Biomedical and Behavioral Science

Scientists study animals other than humans to understand (1) animals, (2) humans, or (3) universal processes supposedly true of all animate life. The second goal typically involves the strategy of developing animal models to understand and discover solutions for the treatment of humans. An ideal in most philosophies of science is to study the object of interest directly, with as little as possible coming between the object and the investigator's immediate observation of it. Model making...

Preference And Motivation Testing

In a preference test, experimenters give animals a choice of two or more different options or environments and then monitor the animals' behavior to determine which alternative they select. Preference testing has been used in many ways in animal welfare* research. Animals' preferences have been established for air temperature, for type and level of light, and for common materials used in cage or pen design. The methods have also been used to assess how strongly animals seek to avoid aspects of...

Stephen L Zawistowski Metamorphosis See Animal Presence Mice

The mouse is the most typical laboratory mammal, and mice account for a large majority of all mammals used in research in the United States and Europe. Despite their tiny size, mice show remarkable genetic similarities to humans and can be used to study human genetic diseases. With their small body size, adaptability, and high reproductive rate, they are relatively economical and easy to maintain. Although rats and mice in the past were viewed as pests or laboratory animals, they are...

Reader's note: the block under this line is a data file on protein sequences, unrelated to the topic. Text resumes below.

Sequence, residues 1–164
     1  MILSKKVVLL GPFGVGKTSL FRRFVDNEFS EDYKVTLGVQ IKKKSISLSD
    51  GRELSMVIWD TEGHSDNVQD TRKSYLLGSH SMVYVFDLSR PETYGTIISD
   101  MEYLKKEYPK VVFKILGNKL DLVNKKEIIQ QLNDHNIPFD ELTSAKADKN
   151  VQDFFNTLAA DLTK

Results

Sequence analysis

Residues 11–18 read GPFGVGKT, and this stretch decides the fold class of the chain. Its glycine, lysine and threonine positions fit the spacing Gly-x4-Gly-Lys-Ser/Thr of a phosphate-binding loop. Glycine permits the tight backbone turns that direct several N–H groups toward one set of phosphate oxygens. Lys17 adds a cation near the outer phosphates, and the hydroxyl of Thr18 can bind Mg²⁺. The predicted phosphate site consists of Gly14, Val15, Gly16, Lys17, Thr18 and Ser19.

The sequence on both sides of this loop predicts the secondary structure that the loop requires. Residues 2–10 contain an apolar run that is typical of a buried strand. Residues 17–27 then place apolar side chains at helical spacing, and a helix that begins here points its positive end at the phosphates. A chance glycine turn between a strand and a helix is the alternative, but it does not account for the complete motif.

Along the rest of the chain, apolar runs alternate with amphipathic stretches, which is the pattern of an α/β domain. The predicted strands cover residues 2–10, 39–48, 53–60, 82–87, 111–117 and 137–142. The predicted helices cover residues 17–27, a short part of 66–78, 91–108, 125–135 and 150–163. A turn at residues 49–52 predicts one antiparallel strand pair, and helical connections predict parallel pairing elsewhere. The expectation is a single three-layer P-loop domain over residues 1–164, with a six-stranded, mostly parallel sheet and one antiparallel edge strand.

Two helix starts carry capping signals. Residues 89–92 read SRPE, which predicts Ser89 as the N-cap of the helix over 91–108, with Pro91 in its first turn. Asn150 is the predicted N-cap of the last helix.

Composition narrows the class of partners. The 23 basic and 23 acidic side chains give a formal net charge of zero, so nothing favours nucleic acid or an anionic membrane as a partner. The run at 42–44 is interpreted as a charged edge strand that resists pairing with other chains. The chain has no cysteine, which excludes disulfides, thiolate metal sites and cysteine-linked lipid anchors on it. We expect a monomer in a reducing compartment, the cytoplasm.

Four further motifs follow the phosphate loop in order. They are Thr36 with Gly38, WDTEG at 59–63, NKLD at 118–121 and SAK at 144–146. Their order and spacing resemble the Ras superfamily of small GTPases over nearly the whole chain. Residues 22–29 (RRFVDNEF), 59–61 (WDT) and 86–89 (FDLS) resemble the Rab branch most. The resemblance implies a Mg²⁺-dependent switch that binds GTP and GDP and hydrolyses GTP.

Utilitarian Assessment of Animal Experimentation

Many defenders of animal experimentation claim that the practice is justified because of its enormous benefits to human beings. Utilitarians can judge conflicts between members of different species by saying that the moral worth of an action would be the product of the moral worth of the creature that suffers, the seriousness of the wrong it suffers, and the number of such creatures that suffer. Many defenders of research often speak as if utilitarian (cost-benefit) calculation is easy....

Vegetarian Diets Ethics and Health

Increasingly, people are adopting vegetarian diets for reasons of health or ethics. Vegetarian diets vary greatly, however, and different varieties of vegetarianism might be endorsed by people with different moral commitments. Nutritionists commonly recognize the following varieties of vegetarian vegans, lacto-ovo vegetarians, pesco-vegetarians, and semivegetarians. People who are vegetarians on moral grounds can consistently use any of these diets, depending on what specific moral reasons they...

Appendix Resources on Animal Welfare and Humane Education

This is a representative list1 of organizations that provide humane education materials directly pertaining to animals or that have information materials related to animal welfare available, either for the asking or for a fee. Space does not allow a complete listing of organizations extensive lists of international organizations are available from many of the organizations listedhere. Nearly all of the curricular and activity materials listedhere are sold, even if they are underwritten by a...

G

Mohandas Karamchand Gandhi 1869-1948 was a world statesman, pacifist, and vegetarian. Reading Henry Salt's A Plea for Vegetarianism and Howard Williams's The Ethics of Diet reinforced his ethical vegetarianism on his first visit to England in 1887. Thereafter Gandhi became a committed vegetarian by choice,'' and this commitment was deepened through his conversion to the Hindu see RELIGION, Hinduism philosophy of ahimsa, nonviolence or noninjury, which became fundamental to his religious outlook...